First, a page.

- Aluminum producer Alcoa Corporation tapped controller and SVP Molly Beerman to serve as its CFO as part of an executive leadership restructuring aimed at strengthening the company’s focus on operational excellence, cost and innovation, the company announced Tuesday in a press release.
- Beerman, a long-time company veteran, will step into the CFO seat effective Feb. 1, according to the release, as part of a host of other executive leadership changes by the company. Alcoa’s current CFO William Oplinger will become its chief operations officer, while Renato Bacchi, its chief strategy officer, will take on additional responsibilities as chief strategy and innovation officer, the company announced. Both changes are effective Feb. 1.
- Two Alcoa executives — John Slaven, current EVP and chief operations officer and Benjamin Kahrs, its chief innovation officer — will also be departing from the aluminum producer as part of the executive restructuring, according to the Tuesday release.
Beerman has served controller for the Pittsburgh, Penn.-based company since December 2016, according to a Jan. 10 filing with the Securities and Exchange Commission. She departed to serve as VP of finance and administration for non-profit organization The Pittsburgh Foundation for a two year period.
Starting in 2001 until 2012, Beerman also held various executive and financial roles for Alcoa Inc. — which separated into two companies, Alcoa Corp. and Arconic Inc. in 2016 — according to her LinkedIn profile. Her predecessor Oplinger joined the company in 2000, according to the filing, and served as Alcoa Inc.’s CFO beginning in April 2013 up until its separation into two entities in November 2016. Oplinger, 55, then took the mantle as Alcoa Corp.’s finance chief beginning that month, according to the filing.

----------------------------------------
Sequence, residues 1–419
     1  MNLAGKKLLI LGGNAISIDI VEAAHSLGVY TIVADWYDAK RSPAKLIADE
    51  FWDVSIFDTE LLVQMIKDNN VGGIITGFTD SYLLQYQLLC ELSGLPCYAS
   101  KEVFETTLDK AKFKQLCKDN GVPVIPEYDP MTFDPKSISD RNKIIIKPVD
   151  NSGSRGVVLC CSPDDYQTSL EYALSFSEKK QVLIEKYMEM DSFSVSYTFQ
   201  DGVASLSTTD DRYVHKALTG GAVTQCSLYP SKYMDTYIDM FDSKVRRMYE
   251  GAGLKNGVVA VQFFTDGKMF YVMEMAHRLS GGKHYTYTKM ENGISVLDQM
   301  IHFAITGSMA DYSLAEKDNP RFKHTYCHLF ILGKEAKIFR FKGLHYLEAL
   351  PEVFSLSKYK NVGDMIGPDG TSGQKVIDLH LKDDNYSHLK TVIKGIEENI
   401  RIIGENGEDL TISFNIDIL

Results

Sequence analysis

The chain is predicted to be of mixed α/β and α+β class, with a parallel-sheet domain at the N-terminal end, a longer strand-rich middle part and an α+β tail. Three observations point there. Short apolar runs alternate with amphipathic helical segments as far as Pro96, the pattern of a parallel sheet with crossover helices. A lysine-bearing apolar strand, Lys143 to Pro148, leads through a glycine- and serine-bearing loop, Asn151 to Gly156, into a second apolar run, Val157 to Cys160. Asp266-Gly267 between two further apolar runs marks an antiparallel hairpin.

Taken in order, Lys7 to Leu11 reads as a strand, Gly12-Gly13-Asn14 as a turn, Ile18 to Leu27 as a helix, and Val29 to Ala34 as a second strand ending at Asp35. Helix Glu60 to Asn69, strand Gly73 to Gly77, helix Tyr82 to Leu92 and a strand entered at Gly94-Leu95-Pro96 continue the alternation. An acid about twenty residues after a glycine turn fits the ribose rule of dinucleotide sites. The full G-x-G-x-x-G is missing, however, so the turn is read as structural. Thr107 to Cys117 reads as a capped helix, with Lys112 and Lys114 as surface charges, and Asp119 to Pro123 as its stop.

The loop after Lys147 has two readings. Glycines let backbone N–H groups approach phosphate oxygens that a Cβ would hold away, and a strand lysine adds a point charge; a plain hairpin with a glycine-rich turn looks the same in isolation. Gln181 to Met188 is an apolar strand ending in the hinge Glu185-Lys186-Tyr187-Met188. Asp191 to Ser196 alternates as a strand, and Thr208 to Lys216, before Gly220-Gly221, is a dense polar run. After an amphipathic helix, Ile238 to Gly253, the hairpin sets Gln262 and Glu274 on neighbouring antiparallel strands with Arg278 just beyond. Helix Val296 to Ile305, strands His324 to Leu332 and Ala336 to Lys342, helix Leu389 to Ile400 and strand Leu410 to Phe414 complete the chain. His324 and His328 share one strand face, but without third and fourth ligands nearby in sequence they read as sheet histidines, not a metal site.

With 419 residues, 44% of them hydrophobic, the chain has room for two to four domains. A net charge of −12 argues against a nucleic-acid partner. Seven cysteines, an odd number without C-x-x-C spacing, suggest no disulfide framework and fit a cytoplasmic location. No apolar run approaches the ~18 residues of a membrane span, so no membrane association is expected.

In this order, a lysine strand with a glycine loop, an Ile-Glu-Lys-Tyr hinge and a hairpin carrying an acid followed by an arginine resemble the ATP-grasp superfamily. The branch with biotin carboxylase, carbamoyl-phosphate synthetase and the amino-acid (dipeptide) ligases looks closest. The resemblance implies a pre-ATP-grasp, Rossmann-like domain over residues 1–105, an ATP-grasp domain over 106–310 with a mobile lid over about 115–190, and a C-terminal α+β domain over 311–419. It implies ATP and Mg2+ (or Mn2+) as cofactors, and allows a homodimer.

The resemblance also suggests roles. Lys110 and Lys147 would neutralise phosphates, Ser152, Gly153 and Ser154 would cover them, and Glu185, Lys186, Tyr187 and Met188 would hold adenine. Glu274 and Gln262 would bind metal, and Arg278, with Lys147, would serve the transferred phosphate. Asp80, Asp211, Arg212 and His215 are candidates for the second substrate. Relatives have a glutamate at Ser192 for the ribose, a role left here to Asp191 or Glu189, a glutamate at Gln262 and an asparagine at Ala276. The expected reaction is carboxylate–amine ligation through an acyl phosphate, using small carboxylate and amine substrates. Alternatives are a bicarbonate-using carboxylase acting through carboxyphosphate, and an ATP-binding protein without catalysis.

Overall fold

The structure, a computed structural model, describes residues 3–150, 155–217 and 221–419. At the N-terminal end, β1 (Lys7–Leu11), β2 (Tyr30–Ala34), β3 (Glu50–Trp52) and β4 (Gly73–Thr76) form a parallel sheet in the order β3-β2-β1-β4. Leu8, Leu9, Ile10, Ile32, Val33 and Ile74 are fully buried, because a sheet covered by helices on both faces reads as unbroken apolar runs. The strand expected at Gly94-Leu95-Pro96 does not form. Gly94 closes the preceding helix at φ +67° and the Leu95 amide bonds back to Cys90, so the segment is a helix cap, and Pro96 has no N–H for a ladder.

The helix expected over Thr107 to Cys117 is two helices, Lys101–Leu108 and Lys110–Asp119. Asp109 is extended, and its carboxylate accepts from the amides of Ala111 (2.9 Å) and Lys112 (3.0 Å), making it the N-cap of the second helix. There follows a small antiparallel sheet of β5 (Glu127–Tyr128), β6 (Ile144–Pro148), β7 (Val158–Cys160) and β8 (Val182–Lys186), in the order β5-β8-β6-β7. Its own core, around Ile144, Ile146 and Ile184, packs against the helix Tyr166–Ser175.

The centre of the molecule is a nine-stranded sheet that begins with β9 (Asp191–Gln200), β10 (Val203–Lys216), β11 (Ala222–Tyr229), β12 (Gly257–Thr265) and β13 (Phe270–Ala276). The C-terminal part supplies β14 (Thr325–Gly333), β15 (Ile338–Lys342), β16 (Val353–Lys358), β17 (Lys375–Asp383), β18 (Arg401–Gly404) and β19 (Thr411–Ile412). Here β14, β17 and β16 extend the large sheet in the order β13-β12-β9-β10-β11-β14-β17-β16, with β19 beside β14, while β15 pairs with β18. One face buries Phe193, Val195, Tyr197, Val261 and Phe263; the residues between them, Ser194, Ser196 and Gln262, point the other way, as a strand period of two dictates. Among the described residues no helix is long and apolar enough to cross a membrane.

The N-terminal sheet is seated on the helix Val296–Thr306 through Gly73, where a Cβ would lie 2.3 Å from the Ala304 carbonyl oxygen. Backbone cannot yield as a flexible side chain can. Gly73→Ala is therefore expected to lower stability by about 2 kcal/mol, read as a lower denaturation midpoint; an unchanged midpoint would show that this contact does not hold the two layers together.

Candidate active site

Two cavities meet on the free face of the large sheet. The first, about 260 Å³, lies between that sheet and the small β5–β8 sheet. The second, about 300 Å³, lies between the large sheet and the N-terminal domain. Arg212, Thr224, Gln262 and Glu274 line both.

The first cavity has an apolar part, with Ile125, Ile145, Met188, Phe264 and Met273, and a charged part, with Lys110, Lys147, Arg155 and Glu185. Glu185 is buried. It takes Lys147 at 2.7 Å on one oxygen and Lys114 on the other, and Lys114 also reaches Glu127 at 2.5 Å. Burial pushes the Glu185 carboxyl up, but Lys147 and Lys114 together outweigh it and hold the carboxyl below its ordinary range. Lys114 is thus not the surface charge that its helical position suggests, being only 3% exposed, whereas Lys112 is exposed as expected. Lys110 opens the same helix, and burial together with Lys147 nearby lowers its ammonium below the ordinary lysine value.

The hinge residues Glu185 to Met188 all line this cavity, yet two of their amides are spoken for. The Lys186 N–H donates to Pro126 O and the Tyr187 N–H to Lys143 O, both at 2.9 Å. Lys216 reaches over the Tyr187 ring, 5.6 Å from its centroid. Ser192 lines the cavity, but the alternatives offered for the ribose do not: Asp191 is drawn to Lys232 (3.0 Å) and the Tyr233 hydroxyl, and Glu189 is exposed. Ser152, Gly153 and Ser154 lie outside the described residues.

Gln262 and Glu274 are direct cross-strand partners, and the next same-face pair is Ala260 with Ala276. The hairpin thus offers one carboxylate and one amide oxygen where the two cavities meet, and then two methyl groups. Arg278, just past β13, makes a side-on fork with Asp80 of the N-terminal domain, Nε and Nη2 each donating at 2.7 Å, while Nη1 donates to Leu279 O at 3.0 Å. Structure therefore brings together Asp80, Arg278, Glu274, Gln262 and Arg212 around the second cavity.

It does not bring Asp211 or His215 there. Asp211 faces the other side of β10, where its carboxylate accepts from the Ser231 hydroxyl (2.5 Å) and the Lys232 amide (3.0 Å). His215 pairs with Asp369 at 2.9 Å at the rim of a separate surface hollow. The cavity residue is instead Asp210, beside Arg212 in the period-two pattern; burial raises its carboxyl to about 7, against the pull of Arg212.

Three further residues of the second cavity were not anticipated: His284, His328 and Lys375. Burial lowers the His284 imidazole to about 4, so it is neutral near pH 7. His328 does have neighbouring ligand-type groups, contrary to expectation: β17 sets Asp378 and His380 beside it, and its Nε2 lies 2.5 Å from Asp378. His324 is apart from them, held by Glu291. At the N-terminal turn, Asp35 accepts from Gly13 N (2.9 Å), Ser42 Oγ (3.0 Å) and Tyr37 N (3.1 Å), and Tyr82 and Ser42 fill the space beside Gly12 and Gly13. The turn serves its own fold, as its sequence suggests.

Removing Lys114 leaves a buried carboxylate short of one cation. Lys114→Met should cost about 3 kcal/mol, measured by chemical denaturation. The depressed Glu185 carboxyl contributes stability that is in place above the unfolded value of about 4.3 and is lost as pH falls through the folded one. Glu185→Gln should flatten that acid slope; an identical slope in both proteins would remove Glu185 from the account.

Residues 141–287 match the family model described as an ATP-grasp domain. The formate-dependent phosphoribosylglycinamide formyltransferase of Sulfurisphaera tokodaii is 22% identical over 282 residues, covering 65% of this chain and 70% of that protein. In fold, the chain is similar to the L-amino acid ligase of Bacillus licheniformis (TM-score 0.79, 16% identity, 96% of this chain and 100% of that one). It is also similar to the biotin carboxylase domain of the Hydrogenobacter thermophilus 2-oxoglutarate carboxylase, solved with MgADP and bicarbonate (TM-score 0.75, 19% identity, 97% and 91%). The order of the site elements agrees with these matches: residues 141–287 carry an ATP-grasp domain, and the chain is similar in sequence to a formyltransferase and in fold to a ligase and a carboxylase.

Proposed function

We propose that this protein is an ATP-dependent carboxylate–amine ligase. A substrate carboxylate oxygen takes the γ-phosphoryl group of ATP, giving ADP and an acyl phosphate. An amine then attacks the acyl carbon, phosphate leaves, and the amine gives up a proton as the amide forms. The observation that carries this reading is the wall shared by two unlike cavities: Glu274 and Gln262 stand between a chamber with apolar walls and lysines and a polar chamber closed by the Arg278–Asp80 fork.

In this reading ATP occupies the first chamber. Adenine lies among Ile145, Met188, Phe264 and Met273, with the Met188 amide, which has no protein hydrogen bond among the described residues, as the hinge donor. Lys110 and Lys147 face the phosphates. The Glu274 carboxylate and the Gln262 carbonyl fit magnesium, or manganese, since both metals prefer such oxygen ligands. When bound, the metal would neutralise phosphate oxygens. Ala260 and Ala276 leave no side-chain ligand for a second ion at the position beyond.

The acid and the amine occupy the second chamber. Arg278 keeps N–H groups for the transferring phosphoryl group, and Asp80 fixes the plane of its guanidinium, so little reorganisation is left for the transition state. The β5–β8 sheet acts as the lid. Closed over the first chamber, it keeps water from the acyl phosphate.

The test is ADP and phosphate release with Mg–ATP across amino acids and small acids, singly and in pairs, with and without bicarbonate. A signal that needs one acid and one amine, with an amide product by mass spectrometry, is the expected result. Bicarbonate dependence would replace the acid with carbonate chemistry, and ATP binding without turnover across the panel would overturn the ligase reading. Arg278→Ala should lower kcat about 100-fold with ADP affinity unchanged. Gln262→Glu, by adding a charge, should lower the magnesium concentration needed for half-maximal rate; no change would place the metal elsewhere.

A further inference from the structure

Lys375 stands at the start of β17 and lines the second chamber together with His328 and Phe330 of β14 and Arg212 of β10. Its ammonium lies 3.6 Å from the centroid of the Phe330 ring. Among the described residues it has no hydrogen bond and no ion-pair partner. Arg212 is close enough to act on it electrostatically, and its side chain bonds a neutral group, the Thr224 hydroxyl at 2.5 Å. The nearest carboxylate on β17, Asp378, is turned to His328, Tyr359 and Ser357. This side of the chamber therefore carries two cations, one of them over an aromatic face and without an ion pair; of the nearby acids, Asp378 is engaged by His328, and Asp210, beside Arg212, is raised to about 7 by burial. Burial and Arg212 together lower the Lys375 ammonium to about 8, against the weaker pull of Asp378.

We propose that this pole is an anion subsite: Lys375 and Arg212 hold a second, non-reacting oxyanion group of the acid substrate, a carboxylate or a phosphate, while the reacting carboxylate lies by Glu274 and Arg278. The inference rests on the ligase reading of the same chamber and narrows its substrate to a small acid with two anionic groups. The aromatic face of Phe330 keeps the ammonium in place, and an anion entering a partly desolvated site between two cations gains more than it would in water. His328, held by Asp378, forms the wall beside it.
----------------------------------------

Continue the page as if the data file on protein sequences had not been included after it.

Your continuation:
As CFO, Beerman’s base salary will be increased to $641,500, with an annual incentive target opportunity of 100% of her base, according to the SEC filing.
The aluminum producer’s executive leadership changes are coming as the company faces pricing instability and skyrocketing energy and material costs, both of which were cited as factors which led to a challenging third quarter for the company. Improving costs will remain as a key focus for the company, and its newly-minted CFO, with the restructuring, according to company statements.
“This restructuring will ensure continued improvement and focus on Alcoa’s strategies to operate as a low-cost, margin-focused, sustainable producer,” Alcoa Corp. CEO and president Roy Harvey said in a statement.
Alcoa, alongside others in the metal industry, was also impacted by geopolitical factors such as the war in Ukraine, which contributed to high energy costs and production uncertainty especially in Europe. The aluminum market was “significantly impacted” by the European energy crisis, which is “rooted in Russia’s invasion of Ukraine,” Harvey said during the company’s third quarter earnings call on Oct. 19, 2022.
Alcoa announced it would no longer buy raw materials from Russia, as well as halted the sale of raw materials to Russia, in a March 2022 letter to employees.
Alcoa reported a net loss of $746 million for its third quarter of 2022, as well as a 22% decline in revenue to $2.8 billion compared to $3.6 billion in the prior quarter, according to its third quarter earnings results. The decline was driven by slumping alumina and aluminum prices while costs of raw materials increased, Oplinger said during the company’s third quarter earnings call.
The aluminum company is expected to report its fourth quarter and full year 2022 earnings on Jan. 18.